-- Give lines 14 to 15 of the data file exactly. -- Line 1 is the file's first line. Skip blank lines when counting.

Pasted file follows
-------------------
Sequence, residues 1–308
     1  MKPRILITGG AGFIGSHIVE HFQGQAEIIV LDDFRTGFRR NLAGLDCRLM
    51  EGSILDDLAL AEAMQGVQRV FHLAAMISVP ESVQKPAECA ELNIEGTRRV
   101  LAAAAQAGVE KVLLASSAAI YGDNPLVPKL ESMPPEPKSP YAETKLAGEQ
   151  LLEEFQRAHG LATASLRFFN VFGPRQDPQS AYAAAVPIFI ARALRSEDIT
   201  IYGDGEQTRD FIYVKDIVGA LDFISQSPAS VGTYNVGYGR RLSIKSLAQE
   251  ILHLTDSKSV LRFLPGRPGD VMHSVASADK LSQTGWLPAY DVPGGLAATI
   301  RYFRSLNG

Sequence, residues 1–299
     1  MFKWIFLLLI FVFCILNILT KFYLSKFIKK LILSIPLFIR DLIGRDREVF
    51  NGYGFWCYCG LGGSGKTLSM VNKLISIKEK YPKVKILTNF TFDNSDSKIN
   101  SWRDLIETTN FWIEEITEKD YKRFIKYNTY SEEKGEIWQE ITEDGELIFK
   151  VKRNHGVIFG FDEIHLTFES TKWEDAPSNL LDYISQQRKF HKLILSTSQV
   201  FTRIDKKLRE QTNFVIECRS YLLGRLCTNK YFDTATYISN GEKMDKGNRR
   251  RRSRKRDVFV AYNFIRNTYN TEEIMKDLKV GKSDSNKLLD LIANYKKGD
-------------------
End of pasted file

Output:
   201  FTRIDKKLRE QTNFVIECRS YLLGRLCTNK YFDTATYISN GEKMDKGNRR
   251  RRSRKRDVFV AYNFIRNTYN TEEIMKDLKV GKSDSNKLLD LIANYKKGD